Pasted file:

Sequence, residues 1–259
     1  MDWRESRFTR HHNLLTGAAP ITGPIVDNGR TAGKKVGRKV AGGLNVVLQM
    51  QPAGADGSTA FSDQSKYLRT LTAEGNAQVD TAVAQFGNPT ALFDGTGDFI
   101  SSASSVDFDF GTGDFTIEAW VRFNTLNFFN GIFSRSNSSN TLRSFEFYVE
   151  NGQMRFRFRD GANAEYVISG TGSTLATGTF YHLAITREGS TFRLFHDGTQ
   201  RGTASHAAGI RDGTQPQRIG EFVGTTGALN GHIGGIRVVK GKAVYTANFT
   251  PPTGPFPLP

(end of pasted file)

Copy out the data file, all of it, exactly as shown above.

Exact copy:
Sequence, residues 1–259
     1  MDWRESRFTR HHNLLTGAAP ITGPIVDNGR TAGKKVGRKV AGGLNVVLQM
    51  QPAGADGSTA FSDQSKYLRT LTAEGNAQVD TAVAQFGNPT ALFDGTGDFI
   101  SSASSVDFDF GTGDFTIEAW VRFNTLNFFN GIFSRSNSSN TLRSFEFYVE
   151  NGQMRFRFRD GANAEYVISG TGSTLATGTF YHLAITREGS TFRLFHDGTQ
   201  RGTASHAAGI RDGTQPQRIG EFVGTTGALN GHIGGIRVVK GKAVYTANFT
   251  PPTGPFPLP